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Honoring the aging warriors of WWII
French Legion of Honor awarded to 8 Ga. WWII veterans
The legion of supporters, family and friends that came out to the Capitol for the French Legion of Honor ceremony Thursday.

The Consul General of France in Atlanta, Denis Barbet, bestowed the French Legion of Honor Medal upon eight WWII veterans on April 3.

The veterans accepting France's highest honor were no longer young soldiers. Many relied on wheel chairs; one survives on oxygen; another just released from a hospital the day before after receiving treatment for congestive heart failure. But the years had not dampened their spirit. These aging warriors enjoyed their day.

Fredrick P. Wiley of Social Circle was one of the recipients. Private First Class Wiley landed D-Day +1 (June 7, 1944) on a still unsecured Omaha Beach with the 29th Infantry Division, 175th Infantry Regiment, Company G. The 29th suffered more casualties on Omaha Beach than any other American unit. And the worst was yet to come.

PFC Wiley and the 29th seized their first objective, the village of Isigny, before crossing the Vire River into the infamous hedgerow country of France. Fighting hedgerow through hedgerow, the 29th seized their next objective, the town of St Lo. Wiley recalled, "The 29th took more casualties at St Lo than we did on Omaha Beach." One position of high ground, Hill 108, earned the nickname ‘Purple Heart' hill.

Wiley stated, "About two or three days later an explosion took me out of the fight, most likely a rifle grenade." When asked if his war was over, he said, "Shoot no, once I recovered they made me an MP and sent me back to France."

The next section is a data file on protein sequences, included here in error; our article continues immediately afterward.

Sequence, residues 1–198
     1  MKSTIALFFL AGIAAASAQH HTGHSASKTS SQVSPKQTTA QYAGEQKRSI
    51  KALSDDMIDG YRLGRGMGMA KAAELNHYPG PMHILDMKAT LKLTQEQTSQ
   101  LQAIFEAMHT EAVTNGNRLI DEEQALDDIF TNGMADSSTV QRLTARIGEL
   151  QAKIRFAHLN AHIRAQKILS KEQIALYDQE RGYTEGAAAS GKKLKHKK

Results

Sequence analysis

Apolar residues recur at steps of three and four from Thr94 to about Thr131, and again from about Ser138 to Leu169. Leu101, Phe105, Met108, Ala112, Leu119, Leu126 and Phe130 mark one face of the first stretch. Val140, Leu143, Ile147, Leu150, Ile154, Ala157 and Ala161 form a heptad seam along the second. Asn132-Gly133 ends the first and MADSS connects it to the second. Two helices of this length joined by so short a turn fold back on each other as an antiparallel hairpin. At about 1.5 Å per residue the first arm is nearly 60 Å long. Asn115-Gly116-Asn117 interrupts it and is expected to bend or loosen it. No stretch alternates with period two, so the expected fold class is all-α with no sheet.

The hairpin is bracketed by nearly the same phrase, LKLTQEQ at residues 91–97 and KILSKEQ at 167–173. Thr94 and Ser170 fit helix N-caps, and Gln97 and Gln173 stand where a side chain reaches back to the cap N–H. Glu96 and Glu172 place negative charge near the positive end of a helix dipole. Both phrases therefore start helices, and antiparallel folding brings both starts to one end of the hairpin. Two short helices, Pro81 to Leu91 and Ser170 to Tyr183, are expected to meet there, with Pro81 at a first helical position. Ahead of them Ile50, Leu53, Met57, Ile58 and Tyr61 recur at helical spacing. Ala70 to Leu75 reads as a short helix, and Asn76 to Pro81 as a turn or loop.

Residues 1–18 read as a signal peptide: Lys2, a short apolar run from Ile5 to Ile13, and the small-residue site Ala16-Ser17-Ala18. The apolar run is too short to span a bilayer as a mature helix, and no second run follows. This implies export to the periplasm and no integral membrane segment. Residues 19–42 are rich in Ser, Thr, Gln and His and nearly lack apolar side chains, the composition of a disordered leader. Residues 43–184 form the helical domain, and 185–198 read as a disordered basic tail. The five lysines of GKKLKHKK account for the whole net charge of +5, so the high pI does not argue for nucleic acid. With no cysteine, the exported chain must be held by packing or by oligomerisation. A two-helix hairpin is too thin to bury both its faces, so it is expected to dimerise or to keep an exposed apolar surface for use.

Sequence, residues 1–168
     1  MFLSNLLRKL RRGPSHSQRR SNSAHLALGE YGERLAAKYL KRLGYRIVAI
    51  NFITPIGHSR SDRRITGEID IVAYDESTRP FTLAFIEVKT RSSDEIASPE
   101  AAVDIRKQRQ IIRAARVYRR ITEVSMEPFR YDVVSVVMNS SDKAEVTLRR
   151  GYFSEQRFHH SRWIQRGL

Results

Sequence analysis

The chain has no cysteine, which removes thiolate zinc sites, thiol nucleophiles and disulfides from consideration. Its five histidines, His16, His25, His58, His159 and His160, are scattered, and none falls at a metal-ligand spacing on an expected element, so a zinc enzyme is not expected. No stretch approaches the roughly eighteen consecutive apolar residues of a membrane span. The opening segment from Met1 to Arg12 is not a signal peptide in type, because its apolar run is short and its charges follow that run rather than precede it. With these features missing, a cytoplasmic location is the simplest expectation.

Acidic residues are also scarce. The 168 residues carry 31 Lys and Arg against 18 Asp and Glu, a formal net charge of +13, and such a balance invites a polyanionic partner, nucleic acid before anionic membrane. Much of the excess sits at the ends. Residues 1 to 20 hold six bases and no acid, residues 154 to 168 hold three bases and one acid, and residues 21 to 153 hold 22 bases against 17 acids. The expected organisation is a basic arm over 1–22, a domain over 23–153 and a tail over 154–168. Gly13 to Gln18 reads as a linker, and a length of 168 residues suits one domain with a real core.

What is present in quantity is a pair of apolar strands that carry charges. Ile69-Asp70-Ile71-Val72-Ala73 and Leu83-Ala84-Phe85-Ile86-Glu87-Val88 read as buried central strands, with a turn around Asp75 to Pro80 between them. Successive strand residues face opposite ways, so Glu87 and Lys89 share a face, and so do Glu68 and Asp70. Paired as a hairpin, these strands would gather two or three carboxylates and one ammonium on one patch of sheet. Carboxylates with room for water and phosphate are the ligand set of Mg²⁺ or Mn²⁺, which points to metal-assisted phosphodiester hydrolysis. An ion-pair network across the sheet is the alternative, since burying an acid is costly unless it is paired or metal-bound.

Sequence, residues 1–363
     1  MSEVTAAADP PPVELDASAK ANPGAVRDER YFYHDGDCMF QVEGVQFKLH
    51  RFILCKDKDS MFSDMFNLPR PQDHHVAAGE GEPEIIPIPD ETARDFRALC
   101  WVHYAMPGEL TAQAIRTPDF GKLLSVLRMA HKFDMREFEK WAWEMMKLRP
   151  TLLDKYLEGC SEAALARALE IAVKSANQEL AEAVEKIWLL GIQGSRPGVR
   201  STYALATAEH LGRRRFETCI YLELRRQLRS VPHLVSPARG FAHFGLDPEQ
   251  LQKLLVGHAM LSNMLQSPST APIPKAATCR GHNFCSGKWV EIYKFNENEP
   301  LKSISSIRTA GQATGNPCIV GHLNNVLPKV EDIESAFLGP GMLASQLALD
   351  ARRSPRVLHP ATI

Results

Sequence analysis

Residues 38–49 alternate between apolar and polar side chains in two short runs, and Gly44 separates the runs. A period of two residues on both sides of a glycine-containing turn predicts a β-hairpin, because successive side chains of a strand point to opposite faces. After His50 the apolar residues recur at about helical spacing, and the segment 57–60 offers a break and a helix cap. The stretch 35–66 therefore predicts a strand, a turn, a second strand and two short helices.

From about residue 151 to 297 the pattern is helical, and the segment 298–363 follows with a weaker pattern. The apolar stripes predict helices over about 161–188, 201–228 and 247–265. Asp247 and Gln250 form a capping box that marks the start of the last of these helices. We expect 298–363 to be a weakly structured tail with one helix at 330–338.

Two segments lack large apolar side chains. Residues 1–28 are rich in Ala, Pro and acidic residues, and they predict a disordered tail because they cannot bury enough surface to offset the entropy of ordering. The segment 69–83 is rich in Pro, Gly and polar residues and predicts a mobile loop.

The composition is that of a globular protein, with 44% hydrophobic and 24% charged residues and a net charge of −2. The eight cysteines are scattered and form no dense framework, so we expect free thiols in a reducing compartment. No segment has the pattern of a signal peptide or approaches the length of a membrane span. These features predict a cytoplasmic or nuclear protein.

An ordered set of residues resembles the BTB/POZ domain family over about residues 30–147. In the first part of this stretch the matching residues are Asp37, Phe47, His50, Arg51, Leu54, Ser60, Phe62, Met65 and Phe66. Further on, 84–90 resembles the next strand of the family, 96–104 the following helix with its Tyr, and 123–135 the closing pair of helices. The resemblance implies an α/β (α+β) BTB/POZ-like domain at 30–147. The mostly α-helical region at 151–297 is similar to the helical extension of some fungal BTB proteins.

Clarence "Bud" Sosebee of Conyers, dressed immaculately in his WWII uniform, smiled ear to ear as the Consul General pinned the Legion of Honor Medal next to his many other decorations. "I'm still excited about the recognition," Sosebee said. "I'll always remember the French people as being helpful and kind to me. This is, indeed, an honor." A member of Headquarters Company, 271 Infantry Regiment, 1st Battalion, Sosebee saw extensive combat and met up with the Russians at the River Elbe.

"I just did my part in the war," he said. "We all did."

Other recipients: Vincent Masters of Athens, a B-17 pilot who ended up in the ‘drink' for 24 hours with his crew, before making the transition as a squadron commander of P-51 Mustangs. William Spartling of Athens served as a Navy officer aboard the destroyer USS Eberle.

Emmett Cabe of Lindale, Ga. served aboard the LST 370 ferrying British soldiers onto Gold Beach on D-day. Johnson Brown of Cumming had the dangerous job of transporting American boys onto Omaha Beach with LCIs (landing craft, infantry).

Marcie Dover of Winder and Phillip Pollock of Athens served as infantrymen during the D-Day Invasion.

My wife and I were honored to witness this outstanding event, but one thing that impressed me was the tremendous turnout of Newton and Rockdale County residents to observe this ceremony and personally thank The Greatest Generation for their contribution in preserving our freedoms.

Even more inspiring was watching young people shake the hand, or gently pat a veteran on his arm, and say, "thank you, sir," or, as one youngster told a veteran, "you are my hero."

These men had earned the recognition. Frederick Wiley, Bud Sosebee and the others came home to begin their new lives, with dignity, honor and the independence that made America the envy of the world We may never see their likes again.


Pete Mecca is a Vietnam veteran, columnist and freelance writer. You can reach him at or